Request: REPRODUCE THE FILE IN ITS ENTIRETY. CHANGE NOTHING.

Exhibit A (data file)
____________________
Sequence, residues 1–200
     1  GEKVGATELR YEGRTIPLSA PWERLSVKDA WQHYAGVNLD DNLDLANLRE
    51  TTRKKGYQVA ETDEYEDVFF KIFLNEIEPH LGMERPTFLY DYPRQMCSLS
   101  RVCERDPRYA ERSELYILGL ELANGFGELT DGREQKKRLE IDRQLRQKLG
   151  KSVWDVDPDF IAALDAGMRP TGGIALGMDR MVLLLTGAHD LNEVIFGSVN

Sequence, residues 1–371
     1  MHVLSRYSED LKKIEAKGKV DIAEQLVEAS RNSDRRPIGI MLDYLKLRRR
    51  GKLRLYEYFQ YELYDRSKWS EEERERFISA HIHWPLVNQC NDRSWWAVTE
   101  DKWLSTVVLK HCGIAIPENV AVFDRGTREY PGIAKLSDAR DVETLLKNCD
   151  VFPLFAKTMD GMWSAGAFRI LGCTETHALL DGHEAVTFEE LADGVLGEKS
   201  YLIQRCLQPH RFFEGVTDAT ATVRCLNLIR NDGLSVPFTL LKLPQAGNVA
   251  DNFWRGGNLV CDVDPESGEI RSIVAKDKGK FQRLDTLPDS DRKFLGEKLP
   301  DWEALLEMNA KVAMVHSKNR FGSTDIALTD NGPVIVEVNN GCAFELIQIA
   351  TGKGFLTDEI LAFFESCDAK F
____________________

Sequence, residues 1–200
     1  GEKVGATELR YEGRTIPLSA PWERLSVKDA WQHYAGVNLD DNLDLANLRE
    51  TTRKKGYQVA ETDEYEDVFF KIFLNEIEPH LGMERPTFLY DYPRQMCSLS
   101  RVCERDPRYA ERSELYILGL ELANGFGELT DGREQKKRLE IDRQLRQKLG
   151  KSVWDVDPDF IAALDAGMRP TGGIALGMDR MVLLLTGAHD LNEVIFGSVN

Sequence, residues 1–371
     1  MHVLSRYSED LKKIEAKGKV DIAEQLVEAS RNSDRRPIGI MLDYLKLRRR
    51  GKLRLYEYFQ YELYDRSKWS EEERERFISA HIHWPLVNQC NDRSWWAVTE
   101  DKWLSTVVLK HCGIAIPENV AVFDRGTREY PGIAKLSDAR DVETLLKNCD
   151  VFPLFAKTMD GMWSAGAFRI LGCTETHALL DGHEAVTFEE LADGVLGEKS
   201  YLIQRCLQPH RFFEGVTDAT ATVRCLNLIR NDGLSVPFTL LKLPQAGNVA
   251  DNFWRGGNLV CDVDPESGEI RSIVAKDKGK FQRLDTLPDS DRKFLGEKLP
   301  DWEALLEMNA KVAMVHSKNR FGSTDIALTD NGPVIVEVNN GCAFELIQIA
   351  TGKGFLTDEI LAFFESCDAK F